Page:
Race for Glory: Audi vs. Lancia 2024 Movie Review
What to make of a movie, ostensibly a biopic, that tells its audience the extent of the creative license they’ve taken? One might think it would make for a more exciting movie, free from the standard biopic tropes we’ve all become bored by. But not so with Race for Glory: Audi vs. Lancia, a racing drama that captures none of the thrill of the track, the visceral sense of speed, or the passion for victory.
At best, the film is an incomplete Wikipedia entry covering the 1983 World Rally Championship and the ongoing feud between the titular car manufacturers’ racing teams. The focus is squarely on Lancia’s struggling manager, Cesare Fiorio, played by the film’s co-writer and producer Riccardo Scamarcio. Clearly a passion project for Scamarcio, he eats up most of the screen time to such a degree that there probably should’ve been a title change. Maybe nothing as bland as the recently released Ferrari, but something that more accurately reflects that this is a movie about Fiorio and Lancia.
And what do we learn about Fiorio? Well, he’s obsessed with winning. Unfortunately, business sucks and Fiorio has to employ some underhanded, occasionally comical tricks to maintain appearances. These moments punch up the humor a little bit, but the overall dry tone can’t be ignored. That’s especially true with the racing sequences, which director/co-writer Stefano Mordini fails to inject with any urgency at all. Much of the film follows Fiorio as he tries to come up with a way to boost sales while repeating incessantly that he just really wants to win. He lets anyone who’ll listen know that victory is the only thing on his mind. Scamarcio’s performance as the single-minded, obsessive Fiorio is the film’s most propulsive component.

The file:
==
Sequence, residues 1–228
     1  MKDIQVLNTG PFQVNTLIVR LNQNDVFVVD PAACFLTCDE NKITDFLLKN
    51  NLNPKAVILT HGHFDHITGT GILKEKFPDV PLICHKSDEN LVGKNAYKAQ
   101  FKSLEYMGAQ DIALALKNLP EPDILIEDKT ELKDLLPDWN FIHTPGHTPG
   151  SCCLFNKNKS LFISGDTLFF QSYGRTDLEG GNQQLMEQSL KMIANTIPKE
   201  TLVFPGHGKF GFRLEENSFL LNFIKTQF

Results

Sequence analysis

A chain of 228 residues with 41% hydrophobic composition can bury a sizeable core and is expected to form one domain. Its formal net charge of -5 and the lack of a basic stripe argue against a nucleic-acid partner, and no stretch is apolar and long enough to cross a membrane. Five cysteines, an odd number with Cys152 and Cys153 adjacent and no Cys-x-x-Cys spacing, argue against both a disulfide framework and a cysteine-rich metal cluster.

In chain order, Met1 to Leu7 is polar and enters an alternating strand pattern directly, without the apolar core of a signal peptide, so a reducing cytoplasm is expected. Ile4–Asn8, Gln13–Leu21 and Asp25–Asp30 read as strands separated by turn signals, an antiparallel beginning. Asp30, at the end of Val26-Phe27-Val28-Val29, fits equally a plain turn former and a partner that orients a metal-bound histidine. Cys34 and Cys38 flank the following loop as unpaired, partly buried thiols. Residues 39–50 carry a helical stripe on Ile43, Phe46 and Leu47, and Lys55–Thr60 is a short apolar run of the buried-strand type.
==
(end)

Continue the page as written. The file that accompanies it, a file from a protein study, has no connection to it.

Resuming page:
Race for Glory is especially disappointing because of the presence of Daniel Brühl as Roland Gumpert, manager of Germany’s Audi brand and Fiorio’s nemesis. It’s inescapable that Brühl featured in the far-superior racing thriller Rush, and he seems at a loss as to why he’s here in this movie doing things that are much less exciting. The same goes for a bizarre appearance from Haley Bennett in an uncredited role as a reporter forced to listen to Fiorio’s boasts.
Clocking in at just 108 minutes, it’s not nearly enough time to capture the full scope of the people and relationships in this rivalry. We barely get a hint of Fiorio’s personal life, although we’re expected to believe it matters a great deal. The one intriguing subplot involves Lancia driver Walter Röhrl (Volker Bruch), a legend who Fiorio pulls out of retirement to drive his new, lightweight car to victory. Röhrl is interesting because he waivers in his commitment, happy as he was being out of the limelight. But the film never fully commits to Röhrl’s story, either, and we’re just left to ponder about the true depth of his complexity.
Race for Glory: Audi vs. Lancia fails to get off the blocks. It’s confusing to me that so many racing dramas seem to be more concerned with the men who aren’t behind the wheel rather than those who are out there risking fate at every turn and chasing victory at any cost.